– Cara porque a Wizards não divulga o número de assinantes do D&D Insider? Volta e meia a Blizzard fala que World of Warcraft tem não sei quantas centenas de milhares de assinantes, porque a WotC não faz o mesmo?

Claro que ele estava dizendo que a Wizards não faz o mesmo porque o D&D Insider têm fracassado em conseguir assinantes. Eu não sei. O motivo pode ser o número de assinaturas abaixo da expectativa? Claro que sim, mas também pode ser porque a parada ainda não está funcionando de maneira plena, ou porque não faz parte da política da WotC divulgar estes números. Mas o que eu sei, e tenho que concordar com o Giltônio parcialmente, é que quando eles não dizem quantos assinantes o D&DI possui, e ainda demitem quase um terço da equipe que trabalha nesta área, inclusive o Randy Buehler, principal responsável pela parada, eles não estão exatamente me transmitindo a mensagem de uma iniciativa digital bombante…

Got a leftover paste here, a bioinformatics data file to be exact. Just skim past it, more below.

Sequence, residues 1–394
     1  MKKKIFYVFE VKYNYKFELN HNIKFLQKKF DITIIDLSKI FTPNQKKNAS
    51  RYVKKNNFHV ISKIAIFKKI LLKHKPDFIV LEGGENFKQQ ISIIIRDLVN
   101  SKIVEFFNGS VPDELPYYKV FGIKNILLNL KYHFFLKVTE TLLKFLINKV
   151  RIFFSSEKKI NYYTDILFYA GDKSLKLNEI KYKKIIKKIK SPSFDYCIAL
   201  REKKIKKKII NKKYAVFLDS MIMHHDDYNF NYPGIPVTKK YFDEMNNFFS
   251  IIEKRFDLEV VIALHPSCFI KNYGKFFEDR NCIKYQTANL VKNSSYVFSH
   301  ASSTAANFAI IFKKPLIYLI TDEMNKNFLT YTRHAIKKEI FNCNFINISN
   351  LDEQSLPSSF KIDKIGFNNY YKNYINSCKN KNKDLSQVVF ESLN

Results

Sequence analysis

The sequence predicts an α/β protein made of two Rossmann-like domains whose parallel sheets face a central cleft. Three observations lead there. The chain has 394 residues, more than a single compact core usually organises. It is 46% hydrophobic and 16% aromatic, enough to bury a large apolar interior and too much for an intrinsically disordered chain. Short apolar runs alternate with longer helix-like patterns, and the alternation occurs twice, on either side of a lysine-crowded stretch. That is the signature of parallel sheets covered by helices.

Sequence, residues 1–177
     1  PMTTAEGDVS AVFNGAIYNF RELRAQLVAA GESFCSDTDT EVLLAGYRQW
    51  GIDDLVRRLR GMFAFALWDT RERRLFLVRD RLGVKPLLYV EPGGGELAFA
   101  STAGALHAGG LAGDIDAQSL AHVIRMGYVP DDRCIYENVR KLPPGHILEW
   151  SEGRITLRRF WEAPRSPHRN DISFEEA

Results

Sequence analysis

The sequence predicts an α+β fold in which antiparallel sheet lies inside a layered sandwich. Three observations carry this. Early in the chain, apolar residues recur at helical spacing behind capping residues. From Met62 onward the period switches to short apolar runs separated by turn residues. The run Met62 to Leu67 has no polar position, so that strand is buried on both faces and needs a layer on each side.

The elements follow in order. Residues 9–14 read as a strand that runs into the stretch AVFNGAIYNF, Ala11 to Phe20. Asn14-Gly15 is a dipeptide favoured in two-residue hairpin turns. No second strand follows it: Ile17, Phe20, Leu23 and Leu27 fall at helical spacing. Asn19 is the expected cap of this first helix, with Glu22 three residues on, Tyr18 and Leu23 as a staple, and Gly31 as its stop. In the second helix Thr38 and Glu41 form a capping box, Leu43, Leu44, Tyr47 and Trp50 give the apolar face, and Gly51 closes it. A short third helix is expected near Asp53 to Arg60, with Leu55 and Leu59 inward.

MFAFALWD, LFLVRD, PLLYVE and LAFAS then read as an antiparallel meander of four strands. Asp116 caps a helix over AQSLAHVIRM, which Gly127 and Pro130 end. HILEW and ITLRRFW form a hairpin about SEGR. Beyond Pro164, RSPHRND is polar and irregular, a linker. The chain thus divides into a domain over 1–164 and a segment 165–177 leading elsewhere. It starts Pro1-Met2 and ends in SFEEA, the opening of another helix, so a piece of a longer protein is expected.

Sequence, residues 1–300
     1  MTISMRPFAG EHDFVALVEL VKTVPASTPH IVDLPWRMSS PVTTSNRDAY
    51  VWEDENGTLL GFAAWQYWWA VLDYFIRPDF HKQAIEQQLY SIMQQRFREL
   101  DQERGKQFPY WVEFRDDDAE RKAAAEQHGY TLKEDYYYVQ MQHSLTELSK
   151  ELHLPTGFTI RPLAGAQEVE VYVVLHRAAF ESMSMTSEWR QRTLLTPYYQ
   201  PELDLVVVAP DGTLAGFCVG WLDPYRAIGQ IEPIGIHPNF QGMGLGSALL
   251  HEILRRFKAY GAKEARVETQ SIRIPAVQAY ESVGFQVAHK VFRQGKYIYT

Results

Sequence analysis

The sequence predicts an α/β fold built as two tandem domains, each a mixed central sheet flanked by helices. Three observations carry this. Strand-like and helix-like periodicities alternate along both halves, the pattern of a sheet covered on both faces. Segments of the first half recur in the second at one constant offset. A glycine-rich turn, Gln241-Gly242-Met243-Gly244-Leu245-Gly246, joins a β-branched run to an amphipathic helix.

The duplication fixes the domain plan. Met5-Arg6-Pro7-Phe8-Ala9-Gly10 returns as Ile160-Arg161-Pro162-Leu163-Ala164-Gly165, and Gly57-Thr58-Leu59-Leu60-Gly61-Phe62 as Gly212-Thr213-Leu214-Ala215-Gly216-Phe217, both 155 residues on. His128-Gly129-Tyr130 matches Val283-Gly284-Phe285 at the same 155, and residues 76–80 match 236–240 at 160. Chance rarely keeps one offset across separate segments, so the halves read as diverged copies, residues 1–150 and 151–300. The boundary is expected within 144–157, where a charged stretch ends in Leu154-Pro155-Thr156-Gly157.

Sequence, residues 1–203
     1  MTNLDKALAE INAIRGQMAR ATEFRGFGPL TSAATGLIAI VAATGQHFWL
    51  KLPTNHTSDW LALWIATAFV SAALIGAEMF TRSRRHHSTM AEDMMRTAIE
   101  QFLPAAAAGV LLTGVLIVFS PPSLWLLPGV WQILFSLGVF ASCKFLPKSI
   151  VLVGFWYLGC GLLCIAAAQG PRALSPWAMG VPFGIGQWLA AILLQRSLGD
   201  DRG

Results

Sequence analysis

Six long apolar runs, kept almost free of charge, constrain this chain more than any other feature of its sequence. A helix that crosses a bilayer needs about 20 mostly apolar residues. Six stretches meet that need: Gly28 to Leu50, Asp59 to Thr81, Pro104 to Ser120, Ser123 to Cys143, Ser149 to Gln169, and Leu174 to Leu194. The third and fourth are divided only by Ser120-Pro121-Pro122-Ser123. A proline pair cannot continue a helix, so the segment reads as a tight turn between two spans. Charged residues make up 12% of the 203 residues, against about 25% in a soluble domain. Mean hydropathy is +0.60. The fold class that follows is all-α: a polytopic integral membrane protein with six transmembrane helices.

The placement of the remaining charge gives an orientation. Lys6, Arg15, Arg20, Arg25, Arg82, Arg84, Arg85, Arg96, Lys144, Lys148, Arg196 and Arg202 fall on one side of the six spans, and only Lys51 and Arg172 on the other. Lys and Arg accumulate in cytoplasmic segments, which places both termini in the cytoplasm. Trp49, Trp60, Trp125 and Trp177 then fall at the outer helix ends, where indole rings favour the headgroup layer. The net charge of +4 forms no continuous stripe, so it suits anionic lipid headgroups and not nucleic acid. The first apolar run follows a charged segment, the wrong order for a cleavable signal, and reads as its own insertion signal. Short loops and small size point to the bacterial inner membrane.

Voltando ao post do Pramas e seus comentários, outra coisa muito interessante é localizarem esta possível queda rápida nas vendas da 4ª edição ao fraco suporte que ela vem recebendo de outras editoras em comparação com o que ocorreu com a 3ª edição na véspera de seu lançamento, devido, obviamente a confusão com a Game System Licence que a Wizards arrumou, e cuja versão definitiva não saiu até hoje. Neste ponto eu concordo bastante, acho que embora competissem com os livros lançados pela WotC, os produtos de outras editoras também ajudavam a manter o sistema d20 em constante mutação, inclusive cobrindo nichos e lacunas que a Wizards não conseguia ou se interessava ocupar. E neste ponto eu acho que o Erik Mona ganhou o prêmio Área Cinza de mais sábio da semana ao escrever nos comentários o trecho abaixo, que vou usar para encerrar este post gigantesco, no qual articula a falha da GSL, a rejeição que ainda existe em relação a 4ª edição, e as saídas que cada editora teve que criar para se manter no mercado: